Archive for the ‘Family’ Category

The Garden

May 9, 2018

I puttered productively in the sewing room this week, but the results aren’t worth photographing. The garden is, however, thanks to my husband. He took up gardening a few years ago, which is why the plants live. He says he only buys plants that thrive on neglect, but don’t believe him. I know what a neglected garden looks like and this isn’t it.

The front garden has a lovely section devoted to iris and daffodils. This blue iris is one of my favorites.

He built a lot of small raised beds. The columbine is the only plant that survived the frost in this bed.

Here is a view of the back garden with Trevor the Gargoyle. Guess who whined until he bought her the statue?

In addition to gargoyles, I also like wind chimes. These chimes are hung in a place that doesn’t get all that much wind, but that’s okay too. I like the little tinkling sound, but the neighbors’ dogs don’t. Trust me, howls don’t harmonize with chimes.

Luck and wisdom!

Character traits through the generations

April 16, 2018

I told you about finding inspiration for my characters in obituaries so my friends and family can’t complain that I’m using them for my stories. Sometimes, however, you run across a character trait that spans generations and just happens to fit what you need in your writing. That happened to me in The Chenille Ultimatum.

My dad and me a long time ago

This is my father. He was a great guy, usually laughing unless some piece of equipment had the temerity to misbehave. He also sang to himself. We’d hear him puttering in his shop, and all of sudden he would sing a snippet of some song he heard years ago, or yesterday, or just made up.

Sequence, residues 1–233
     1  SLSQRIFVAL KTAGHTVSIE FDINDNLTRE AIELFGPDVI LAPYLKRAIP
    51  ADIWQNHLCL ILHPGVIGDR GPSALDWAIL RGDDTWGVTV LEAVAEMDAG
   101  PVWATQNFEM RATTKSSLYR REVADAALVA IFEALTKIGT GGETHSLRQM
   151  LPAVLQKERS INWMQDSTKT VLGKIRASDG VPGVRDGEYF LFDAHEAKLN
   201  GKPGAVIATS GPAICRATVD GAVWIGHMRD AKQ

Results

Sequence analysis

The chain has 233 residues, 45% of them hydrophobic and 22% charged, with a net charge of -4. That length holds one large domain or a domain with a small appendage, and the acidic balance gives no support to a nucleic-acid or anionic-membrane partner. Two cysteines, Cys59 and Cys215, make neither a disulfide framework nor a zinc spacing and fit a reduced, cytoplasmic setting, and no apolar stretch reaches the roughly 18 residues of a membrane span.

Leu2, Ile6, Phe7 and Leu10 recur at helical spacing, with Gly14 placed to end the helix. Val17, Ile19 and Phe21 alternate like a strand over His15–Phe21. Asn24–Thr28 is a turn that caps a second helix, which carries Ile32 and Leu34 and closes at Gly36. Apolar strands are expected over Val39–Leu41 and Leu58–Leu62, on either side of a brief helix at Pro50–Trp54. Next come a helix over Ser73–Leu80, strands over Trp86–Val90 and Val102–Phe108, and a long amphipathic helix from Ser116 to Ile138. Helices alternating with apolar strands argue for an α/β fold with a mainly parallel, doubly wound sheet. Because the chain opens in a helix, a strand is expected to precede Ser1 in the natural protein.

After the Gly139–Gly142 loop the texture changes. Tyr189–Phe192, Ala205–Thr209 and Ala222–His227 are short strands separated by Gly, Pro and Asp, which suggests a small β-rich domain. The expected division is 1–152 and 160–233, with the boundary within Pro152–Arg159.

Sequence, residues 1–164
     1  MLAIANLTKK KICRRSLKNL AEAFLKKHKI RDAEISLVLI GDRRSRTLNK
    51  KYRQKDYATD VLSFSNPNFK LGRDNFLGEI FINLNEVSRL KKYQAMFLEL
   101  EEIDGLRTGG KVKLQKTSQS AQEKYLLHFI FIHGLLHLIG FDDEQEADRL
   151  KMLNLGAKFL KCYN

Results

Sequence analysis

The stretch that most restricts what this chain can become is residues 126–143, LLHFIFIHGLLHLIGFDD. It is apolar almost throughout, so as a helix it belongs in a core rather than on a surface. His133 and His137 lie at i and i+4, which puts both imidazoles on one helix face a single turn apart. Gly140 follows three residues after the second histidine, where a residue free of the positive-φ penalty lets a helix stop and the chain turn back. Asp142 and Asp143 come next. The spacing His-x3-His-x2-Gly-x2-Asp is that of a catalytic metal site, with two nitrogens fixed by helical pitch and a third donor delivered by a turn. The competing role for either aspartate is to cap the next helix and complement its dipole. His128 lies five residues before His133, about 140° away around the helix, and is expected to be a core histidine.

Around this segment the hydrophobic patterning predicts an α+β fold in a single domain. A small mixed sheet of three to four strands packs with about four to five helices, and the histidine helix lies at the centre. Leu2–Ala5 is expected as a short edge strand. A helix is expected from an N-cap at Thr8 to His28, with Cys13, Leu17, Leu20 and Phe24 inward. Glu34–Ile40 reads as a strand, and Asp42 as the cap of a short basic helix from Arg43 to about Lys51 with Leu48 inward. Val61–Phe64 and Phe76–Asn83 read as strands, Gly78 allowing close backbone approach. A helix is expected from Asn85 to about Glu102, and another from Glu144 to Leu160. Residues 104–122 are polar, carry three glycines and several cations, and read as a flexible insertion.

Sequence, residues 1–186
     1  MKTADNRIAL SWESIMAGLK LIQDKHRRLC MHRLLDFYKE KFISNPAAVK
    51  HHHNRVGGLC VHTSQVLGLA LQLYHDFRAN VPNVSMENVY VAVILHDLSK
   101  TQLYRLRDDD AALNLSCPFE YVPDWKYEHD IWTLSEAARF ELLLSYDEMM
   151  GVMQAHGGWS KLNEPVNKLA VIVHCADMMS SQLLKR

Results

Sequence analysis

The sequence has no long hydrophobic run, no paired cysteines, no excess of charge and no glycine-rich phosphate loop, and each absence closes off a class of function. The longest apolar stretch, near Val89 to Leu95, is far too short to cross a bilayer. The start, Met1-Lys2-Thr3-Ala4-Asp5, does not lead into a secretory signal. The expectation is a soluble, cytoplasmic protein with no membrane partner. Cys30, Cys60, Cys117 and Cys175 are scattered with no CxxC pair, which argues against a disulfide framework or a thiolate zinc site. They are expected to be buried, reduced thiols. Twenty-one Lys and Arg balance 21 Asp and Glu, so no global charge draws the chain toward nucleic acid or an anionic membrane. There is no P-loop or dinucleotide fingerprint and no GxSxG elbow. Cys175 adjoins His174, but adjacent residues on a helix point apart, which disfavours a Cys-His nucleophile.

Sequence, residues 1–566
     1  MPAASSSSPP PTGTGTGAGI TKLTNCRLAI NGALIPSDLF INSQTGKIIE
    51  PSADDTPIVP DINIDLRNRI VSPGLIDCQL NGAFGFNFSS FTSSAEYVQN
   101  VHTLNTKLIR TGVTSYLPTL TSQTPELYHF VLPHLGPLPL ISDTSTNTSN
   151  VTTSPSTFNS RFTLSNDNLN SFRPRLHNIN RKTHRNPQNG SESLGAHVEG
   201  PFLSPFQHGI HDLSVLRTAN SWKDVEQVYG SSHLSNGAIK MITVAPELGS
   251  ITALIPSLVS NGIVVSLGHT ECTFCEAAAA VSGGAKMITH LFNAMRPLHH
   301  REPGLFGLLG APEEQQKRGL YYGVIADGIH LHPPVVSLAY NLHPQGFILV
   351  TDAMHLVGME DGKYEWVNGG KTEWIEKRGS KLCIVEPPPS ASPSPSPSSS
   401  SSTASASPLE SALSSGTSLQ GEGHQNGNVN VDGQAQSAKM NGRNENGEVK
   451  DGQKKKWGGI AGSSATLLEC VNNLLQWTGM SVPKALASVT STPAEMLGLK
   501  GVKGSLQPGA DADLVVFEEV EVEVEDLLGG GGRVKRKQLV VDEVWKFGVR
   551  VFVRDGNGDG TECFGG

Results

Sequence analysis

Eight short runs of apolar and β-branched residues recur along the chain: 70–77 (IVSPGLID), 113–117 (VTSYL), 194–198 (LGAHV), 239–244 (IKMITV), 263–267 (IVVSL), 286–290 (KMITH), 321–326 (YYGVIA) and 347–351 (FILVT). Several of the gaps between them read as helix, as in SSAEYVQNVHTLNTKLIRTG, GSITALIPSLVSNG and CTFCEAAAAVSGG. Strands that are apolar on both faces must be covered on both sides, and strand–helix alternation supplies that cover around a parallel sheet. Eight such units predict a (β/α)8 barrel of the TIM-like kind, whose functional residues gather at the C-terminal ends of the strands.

My grandmother

This is my father’s mother. She sang to herself, too. I discovered that one day when she was making lunch and didn’t know I was still in the kitchen. She started humming to herself, then sang part of a verse, then went back to humming. “Aha,” I thought, “that’s where my Dad gets it.”

That’s also where I get it, because I sing to myself too. No one noticed except my children (it annoyed them, so I made sure to sing whenever they annoyed me). Then one day I was working on a scene in The Chenille Ultimatum and I remembered this multi-generational trait. “Self,” I said, “have a character sing a piece of a song she heard from her mother, who heard it from her mother, who heard it from her mother, who heard it from the aliens when they first landed on Earth.”

And so I did. The song becomes a plot point, since the aliens recognize the song and decide they can trust humans after all. The character trait comes from real people, but no one knew until I spilled the beans. Perhaps your family holds multi-generational character traits that will provide plot points too.